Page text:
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Thursday was not a good day. Jonathan Winters, a comedian of great originality, is dead at 87.

Though he never had a breakout starring role, over the years his appearances on TV shows made him a beloved figure in the entertainment world. He was a favorite guest on "The Tonight Show" -- particularly in the early '60s when Jack Paar hosted it -- and turned up on the game show "The Hollywood Squares," Dean Martin's celebrity roasts and countless variety shows.

Video clips.

Mr. Winters’s inspired riffs with even the most rudimentary props made him a favorite on late-night talk shows like “The Steve Allen Show” and “The Tonight Show.” Here, he entertains Jack Parr and his audience with a stick.

For cable subscribers, The Tonight Show bit with the stick was shown on one of Showtime's "Inside Comedy" episodes with Winters and Robin Williams from last year, which has a very good interview with Winters.

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Hmmm...food for thought there, sandik. I think I see what you're getting at, but doesn't a "serious" actor like James Dean exemplify his era as much as Sid Caesar (or perhaps Milton Berle is a better example, a comic who was huge at the time but whose work hasn't endured).

The great improvisers like Winters, the late Peter Cook, and Robin Williams create their own universes in a way.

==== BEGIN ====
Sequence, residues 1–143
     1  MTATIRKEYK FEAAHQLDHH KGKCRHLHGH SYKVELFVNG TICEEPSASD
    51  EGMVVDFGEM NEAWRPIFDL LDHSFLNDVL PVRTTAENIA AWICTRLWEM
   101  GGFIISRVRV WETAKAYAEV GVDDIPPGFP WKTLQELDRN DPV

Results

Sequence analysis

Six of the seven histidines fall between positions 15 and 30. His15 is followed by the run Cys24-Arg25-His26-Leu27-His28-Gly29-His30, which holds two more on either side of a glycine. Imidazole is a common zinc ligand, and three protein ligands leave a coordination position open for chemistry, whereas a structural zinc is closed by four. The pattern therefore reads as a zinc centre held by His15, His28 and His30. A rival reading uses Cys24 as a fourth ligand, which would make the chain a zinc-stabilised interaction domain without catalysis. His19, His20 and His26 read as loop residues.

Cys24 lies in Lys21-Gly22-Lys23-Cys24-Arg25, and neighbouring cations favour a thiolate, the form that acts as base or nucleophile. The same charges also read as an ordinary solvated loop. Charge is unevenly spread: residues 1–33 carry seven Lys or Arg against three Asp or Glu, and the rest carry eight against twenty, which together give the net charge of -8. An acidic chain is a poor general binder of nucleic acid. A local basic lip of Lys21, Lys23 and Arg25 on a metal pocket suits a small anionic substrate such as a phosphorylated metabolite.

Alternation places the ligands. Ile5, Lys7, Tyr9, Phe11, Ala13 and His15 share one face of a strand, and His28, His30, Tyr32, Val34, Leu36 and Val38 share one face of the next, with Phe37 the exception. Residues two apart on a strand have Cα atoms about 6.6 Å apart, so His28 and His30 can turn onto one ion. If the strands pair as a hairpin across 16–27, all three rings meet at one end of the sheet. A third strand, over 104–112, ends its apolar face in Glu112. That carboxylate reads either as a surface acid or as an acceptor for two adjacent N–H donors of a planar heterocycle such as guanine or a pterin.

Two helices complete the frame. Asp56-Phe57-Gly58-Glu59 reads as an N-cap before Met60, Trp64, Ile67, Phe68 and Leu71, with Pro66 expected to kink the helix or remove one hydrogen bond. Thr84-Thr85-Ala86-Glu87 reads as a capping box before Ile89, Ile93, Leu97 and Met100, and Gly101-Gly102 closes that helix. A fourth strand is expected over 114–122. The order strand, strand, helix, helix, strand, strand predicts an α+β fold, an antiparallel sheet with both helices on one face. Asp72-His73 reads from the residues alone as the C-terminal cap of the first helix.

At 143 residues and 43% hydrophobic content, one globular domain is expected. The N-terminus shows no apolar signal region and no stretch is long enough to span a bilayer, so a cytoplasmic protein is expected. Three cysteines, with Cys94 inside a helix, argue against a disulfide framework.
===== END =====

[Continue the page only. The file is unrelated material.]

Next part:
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Good point about context -- I do think of Dean in his world. But I think there's a case to be made for context with many artists, and Winters really does seem to carry a certain mid-century vibe with him for me. Perhaps I just haven't seen enough of his work yet...

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An appreciation by Robin Williams.

Jonathan’s improvs on “Mork & Mindy” were legendary. People on the Paramount lot would pack the soundstage on the nights we filmed him. He once did a World War I parody in which he portrayed upper-class English generals, Cockney infantrymen, a Scottish sergeant no one could understand and a Zulu who was in the wrong war. The bit went on so long that all three cameras ran out of film. Sometimes I would join in, but I felt like a kazoo player sitting in with Coltrane.
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Jonathan Winter added a further element of degree of unpredictability to early tv – you don't know where it's going and if it would go wrong. It also sometimes went on too long and you felt he didn't know how to end it, whereas someone like Lenny Bruce had definite break-off points to his improvisations. My aunt and uncle once shared a cab with Winters and were somewhat overwhelmed by his performance – he could never stop, never drop character they said.

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Thanks, Quiggin. Much the same thing was said about Peter Cook. He was always "on," tended to dominate whichever proceedings in which he was participating, was a superb talk show guest but a poor talk show host, and was sometimes hard put for the punch line. And like Winters big-league stardom escaped him, although he did score an historic success with Beyond the Fringe and for a time established a successful partnership with Dudley Moore. (Winters could have used a Dudley Moore; not a competitor but a complement, contrast, and appreciative audience.)

I can’t say that most of Bruce’s material has aged particularly well for me; his best bits are still great but I don’t think of him as being in the same class of funny, more of a brilliant yakker. But he had other fish to fry entirely.

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